All pet owners want their pets to enjoy good health and happiness. One pathway to that goal is paying attention to what your pet eats from the perspective of Traditional Chinese Medicine (TCM).
This sounds daunting, doesn’t it? Don’t worry, we’ll help get you started.
Food Energetics in TCM is all about how the food we eat impacts how well our body is able to adapt to its environment and stay in a healthy balance.
The basic foundation of Food Energetics categorizes foods as Cooling, Neutral, or Warming. The first step in applying this idea is to observe your pet and start to notice their habits and potential health imbalances.
- Does your pet have trouble with hot weather, and even pants a lot when it’s not hot?
- Do they routinely seek out cool floors to nap on?
- Do they have red or itchy skin?
- Are loose stools a common occurrence?
- Do you suspect allergies?
- Is their behavior “over the top?”
If some of these sound familiar then your pet would benefit from Cooling foods in their diet. A few examples of cooling foods are:
- BOK CHOY
- Does your pet seek out warm and snuggly sleeping spots?
- Is their appetite hit or miss?
- Is their energy sluggish?
- Are they elderly and frail?
- Are they recently rescued and need to gain weight and vitality?
If some of these sound familiar then your pet would benefit from Warming foods in their diet. A few examples of warming foods are:
- LAMB (lamb is actually considered “Hot”)
- GOAT MILK
Neutral foods are perhaps the most important category that every pet should have in their diet. You don’t want to feed your pet an extreme diet of only cooling or only warming foods, you want to work toward balance in the body. Including neutral foods also improves variety in the diet. A few examples of neutral foods are:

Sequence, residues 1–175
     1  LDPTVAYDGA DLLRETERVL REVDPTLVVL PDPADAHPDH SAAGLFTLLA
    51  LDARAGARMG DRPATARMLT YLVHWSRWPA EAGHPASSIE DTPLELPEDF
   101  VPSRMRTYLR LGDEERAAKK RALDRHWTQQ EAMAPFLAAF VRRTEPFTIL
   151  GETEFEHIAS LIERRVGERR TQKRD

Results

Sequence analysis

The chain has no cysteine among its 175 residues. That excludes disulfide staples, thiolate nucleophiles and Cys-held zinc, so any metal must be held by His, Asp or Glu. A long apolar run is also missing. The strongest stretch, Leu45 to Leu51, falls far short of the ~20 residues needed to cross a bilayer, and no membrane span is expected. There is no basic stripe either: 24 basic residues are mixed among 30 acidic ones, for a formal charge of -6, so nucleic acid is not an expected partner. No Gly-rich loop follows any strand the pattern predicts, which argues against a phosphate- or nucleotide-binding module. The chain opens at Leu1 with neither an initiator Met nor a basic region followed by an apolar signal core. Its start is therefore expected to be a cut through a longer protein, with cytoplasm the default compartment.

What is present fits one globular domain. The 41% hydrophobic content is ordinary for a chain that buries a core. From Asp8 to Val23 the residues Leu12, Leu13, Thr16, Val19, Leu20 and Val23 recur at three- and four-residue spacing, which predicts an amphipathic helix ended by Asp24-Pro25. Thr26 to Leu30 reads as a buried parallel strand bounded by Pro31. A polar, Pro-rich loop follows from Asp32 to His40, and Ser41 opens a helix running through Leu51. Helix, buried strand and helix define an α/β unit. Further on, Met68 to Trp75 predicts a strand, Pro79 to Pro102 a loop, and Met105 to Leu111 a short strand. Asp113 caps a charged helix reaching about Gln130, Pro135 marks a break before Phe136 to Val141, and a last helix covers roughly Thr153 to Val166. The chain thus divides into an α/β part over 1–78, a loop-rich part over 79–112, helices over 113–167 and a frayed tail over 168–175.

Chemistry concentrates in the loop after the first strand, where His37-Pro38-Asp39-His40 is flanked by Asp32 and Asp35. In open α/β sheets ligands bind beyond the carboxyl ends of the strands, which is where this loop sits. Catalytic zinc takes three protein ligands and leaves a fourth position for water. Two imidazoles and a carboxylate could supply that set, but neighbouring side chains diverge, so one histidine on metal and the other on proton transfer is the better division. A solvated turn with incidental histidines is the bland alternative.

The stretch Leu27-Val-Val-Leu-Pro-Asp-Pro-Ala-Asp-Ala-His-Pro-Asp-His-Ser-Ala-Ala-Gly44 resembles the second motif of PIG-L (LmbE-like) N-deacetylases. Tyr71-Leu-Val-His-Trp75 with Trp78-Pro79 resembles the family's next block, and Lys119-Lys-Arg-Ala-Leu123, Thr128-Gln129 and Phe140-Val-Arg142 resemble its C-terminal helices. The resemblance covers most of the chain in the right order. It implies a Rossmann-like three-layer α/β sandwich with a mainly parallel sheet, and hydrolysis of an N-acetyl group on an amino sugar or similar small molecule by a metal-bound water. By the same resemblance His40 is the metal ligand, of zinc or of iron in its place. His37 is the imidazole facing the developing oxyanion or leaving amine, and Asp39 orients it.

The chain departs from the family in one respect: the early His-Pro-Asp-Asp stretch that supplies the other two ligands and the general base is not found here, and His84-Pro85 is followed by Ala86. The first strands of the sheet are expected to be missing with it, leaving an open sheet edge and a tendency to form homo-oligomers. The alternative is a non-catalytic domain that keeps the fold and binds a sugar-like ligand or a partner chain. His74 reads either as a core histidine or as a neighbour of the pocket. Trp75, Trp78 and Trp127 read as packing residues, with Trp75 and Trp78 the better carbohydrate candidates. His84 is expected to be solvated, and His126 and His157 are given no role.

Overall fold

- BEEF TRIPE
- SWEET POTATO
- GREEN BEANS
It’s easy (and helpful) to combine foods from different categories, especially when you think beyond just the meat part of the diet.
- Cooling meats with neutral veggies
- Neutral meats with cooling veggies
- Warm meats with neutral veggies
- Etc… experiment!
Cooking foods moves them higher on the temperature scale
All cooking styles warm foods, but feeding them in a dry format is the extreme version. Dry food (aka kibble) is always going to be a much warmer version of any food, and is usually placed high in temperature assessments. Feeding cooling toppers helps, such as appropriately chosen raw veggies and raw meats, but if your dog suffers from chronic health imbalances this is another reason to feed more fresh food.
Learn to observe how these changes affect your pet, and know that their needs will change over time.
Basic food energetics like these examples are a good place you can start on your own learning how food affects different bodies. It’s important to know, though, that there is much more to it too (foods that help specific organ systems, that “resolve damp” or “clear stagnation,” foods that are “Yin tonics,” and so on), so relying on these temperature basics alone may not get your pet to their perfect balance. Working with a vet or non-vet practitioner who uses Traditional Chinese Medicine principles will help you learn more.